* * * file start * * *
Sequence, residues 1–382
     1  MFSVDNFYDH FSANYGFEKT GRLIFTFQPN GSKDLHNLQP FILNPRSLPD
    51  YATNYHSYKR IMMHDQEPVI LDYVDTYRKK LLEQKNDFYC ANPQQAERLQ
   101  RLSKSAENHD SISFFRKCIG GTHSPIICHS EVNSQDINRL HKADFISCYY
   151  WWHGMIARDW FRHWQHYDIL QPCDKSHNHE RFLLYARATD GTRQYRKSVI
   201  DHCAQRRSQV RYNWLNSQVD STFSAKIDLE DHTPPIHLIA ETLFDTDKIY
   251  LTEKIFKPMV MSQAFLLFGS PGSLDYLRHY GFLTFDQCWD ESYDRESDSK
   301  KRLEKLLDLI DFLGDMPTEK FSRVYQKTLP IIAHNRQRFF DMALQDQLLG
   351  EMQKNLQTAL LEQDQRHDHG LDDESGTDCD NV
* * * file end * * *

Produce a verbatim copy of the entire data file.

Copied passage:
Sequence, residues 1–382
     1  MFSVDNFYDH FSANYGFEKT GRLIFTFQPN GSKDLHNLQP FILNPRSLPD
    51  YATNYHSYKR IMMHDQEPVI LDYVDTYRKK LLEQKNDFYC ANPQQAERLQ
   101  RLSKSAENHD SISFFRKCIG GTHSPIICHS EVNSQDINRL HKADFISCYY
   151  WWHGMIARDW FRHWQHYDIL QPCDKSHNHE RFLLYARATD GTRQYRKSVI
   201  DHCAQRRSQV RYNWLNSQVD STFSAKIDLE DHTPPIHLIA ETLFDTDKIY
   251  LTEKIFKPMV MSQAFLLFGS PGSLDYLRHY GFLTFDQCWD ESYDRESDSK
   301  KRLEKLLDLI DFLGDMPTEK FSRVYQKTLP IIAHNRQRFF DMALQDQLLG
   351  EMQKNLQTAL LEQDQRHDHG LDDESGTDCD NV